Tianocore (UEFI) now has a free FAT driver

Tianocore, the basis for many UEFI firmware implementations, has long been nearly free software. Low level hardware initialization is provided by CPU and motherboard manufacturers as binary blobs, but this part doesn’t matter for virtualization where we don’t need these blobs.

The main hindrance to shipping Tianocore in Linux distros was the FAT driver. UEFI standardized on FAT as a format for the boot partition. Microsoft supplied the corresponding FAT driver in Tianocore, but with a terms of use restriction that meant it was not free software. Anyway, today that changed. Microsoft has relicensed the code without the use restriction. The code is available here. So yes, thanks Microsoft. Also Intel who were involved in this.

7 Comments

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7 responses to “Tianocore (UEFI) now has a free FAT driver

  1. Laszlo Ersek

    That was a quick blog post🙂

  2. I think you can thank the FAT LFN patent expiration for this

  3. Laszlo Ersek

    The FAT LFN patent expiration might matter for those who want to write an independent FAT driver. For such an independent FAT driver, they would own the copyright, and their sole concern would be the patent.

    However, in this case, the optimal solution was *not* the creation of an independent FAT driver. edk2 already had a FAT driver, but its use and distribution were restricted (in the copyright notice). The copyright ownership belonged to Intel, but those restrictions had probably been dicated by Microsoft (probably through the terms of the FAT spec from Microsoft that Intel probably used for implementing the FAT driver).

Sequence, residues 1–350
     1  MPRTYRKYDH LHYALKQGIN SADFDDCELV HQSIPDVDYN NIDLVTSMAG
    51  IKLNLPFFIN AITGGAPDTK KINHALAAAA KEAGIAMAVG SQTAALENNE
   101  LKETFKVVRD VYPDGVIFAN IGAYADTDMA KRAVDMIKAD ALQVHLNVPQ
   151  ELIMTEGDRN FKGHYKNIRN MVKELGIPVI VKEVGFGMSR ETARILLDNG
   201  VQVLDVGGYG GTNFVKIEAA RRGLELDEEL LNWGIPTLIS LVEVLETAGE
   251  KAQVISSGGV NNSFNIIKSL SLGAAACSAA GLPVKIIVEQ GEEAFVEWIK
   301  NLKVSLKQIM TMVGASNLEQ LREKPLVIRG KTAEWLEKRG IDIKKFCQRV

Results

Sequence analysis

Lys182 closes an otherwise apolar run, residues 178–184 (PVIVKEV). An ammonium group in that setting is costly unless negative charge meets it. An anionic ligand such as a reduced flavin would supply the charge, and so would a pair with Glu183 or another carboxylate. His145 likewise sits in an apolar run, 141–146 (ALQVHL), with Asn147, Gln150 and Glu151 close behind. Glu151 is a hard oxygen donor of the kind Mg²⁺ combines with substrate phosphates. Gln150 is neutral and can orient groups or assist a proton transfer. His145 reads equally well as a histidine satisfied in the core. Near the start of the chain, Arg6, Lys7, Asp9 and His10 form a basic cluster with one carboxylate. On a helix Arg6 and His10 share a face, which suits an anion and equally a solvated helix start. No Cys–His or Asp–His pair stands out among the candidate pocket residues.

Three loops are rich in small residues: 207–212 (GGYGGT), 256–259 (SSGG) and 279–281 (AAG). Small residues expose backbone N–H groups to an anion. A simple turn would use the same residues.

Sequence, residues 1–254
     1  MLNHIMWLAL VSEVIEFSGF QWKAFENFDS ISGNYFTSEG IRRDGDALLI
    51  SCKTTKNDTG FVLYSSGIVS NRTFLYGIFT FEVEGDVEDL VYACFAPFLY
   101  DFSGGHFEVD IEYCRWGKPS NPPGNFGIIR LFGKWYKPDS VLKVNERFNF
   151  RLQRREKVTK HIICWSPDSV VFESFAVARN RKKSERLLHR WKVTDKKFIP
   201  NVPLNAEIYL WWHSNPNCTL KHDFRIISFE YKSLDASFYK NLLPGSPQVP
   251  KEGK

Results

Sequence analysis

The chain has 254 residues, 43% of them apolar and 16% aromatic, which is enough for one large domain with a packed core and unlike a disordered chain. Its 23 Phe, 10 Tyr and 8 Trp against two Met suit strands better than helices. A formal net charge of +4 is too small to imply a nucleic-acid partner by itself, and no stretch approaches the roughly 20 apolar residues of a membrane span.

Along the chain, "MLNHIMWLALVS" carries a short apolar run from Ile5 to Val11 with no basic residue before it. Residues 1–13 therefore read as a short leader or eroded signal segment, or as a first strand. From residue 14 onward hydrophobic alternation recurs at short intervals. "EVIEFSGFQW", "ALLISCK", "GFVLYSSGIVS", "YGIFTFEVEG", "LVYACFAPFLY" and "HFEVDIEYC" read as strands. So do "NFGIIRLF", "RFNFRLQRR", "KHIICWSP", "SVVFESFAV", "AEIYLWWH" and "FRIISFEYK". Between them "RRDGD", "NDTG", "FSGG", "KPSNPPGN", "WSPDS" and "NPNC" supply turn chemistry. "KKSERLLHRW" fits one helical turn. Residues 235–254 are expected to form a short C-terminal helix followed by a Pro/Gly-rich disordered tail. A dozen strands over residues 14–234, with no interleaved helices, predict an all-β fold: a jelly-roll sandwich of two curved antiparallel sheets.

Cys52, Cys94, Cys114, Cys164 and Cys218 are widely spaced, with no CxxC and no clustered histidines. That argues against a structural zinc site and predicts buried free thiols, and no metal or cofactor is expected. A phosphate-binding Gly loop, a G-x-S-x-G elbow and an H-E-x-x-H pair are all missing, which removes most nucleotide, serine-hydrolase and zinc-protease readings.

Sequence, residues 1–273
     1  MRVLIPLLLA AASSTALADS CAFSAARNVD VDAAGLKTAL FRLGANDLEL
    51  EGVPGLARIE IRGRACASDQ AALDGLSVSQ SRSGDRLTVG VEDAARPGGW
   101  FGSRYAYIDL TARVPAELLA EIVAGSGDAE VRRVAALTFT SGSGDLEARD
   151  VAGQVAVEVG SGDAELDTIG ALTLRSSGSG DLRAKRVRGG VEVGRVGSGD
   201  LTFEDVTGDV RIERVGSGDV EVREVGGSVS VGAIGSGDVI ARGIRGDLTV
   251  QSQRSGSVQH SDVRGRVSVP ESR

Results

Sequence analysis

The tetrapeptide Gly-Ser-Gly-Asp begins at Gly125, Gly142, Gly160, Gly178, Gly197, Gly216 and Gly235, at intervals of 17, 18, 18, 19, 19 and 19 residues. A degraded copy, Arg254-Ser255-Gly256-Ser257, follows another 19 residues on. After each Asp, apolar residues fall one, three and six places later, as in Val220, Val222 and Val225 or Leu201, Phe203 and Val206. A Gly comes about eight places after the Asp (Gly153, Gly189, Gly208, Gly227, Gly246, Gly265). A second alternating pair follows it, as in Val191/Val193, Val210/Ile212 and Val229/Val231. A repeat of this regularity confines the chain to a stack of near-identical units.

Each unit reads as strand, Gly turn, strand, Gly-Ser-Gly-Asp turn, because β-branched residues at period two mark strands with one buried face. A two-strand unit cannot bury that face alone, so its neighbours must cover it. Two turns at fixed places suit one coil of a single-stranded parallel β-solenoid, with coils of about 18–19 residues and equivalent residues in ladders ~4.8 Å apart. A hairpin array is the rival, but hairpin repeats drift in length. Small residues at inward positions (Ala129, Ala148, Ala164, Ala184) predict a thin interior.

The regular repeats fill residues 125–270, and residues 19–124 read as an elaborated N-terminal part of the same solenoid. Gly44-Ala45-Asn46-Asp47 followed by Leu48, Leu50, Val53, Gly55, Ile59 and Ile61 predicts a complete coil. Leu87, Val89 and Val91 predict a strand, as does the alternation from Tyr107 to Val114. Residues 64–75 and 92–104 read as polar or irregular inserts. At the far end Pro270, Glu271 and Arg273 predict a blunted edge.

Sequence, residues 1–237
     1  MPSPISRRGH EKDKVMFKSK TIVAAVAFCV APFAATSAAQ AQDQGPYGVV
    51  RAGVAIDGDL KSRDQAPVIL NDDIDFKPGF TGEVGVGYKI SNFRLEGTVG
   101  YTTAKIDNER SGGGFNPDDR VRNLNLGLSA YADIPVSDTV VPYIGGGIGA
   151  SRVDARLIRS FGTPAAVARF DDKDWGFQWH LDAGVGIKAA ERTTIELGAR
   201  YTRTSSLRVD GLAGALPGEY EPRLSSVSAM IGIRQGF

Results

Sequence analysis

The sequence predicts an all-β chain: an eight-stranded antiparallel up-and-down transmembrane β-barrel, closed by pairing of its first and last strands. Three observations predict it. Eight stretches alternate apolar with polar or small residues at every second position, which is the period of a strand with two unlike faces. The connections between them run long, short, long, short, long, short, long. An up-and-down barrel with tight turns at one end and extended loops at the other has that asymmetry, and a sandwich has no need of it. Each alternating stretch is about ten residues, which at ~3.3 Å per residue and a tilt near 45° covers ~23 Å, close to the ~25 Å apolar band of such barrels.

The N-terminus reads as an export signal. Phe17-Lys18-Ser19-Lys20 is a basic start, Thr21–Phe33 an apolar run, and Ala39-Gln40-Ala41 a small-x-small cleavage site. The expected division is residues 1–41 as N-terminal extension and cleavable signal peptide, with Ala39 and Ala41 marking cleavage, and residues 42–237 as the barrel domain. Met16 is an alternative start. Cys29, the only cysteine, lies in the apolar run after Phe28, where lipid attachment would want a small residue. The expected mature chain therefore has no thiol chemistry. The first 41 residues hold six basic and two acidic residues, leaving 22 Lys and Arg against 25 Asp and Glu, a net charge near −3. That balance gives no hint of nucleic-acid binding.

In short, in order to turn the existing FatPkg driver in edk2 into open source software and free software (as defined by the OSI and the FSF, correspondingly), legal work and willingness to relicense *were* necessary from both Microsoft and Intel. For which the community should definitely thank Microsoft and Intel.

    Microsoft could have just said, “okay, the patent has expired, now we won’t stop you from writing your own driver — but we still won’t let you use and distribute the existing FatPkg driver as open source / free software”. Instead of that, they and Intel put in the legal work and relicensed the existing driver. It matters a whole lot, and we should thank them for it.

    (This is my personal account, and in no way a legal statement, and/or representative of my employer.)

  4. The point is about why the restrictions was created in the first place, particularly about for example implied patent licensing.

  5. So most of the legal work was probably around proving that the patents expired and thus for MS to stop licensing them.

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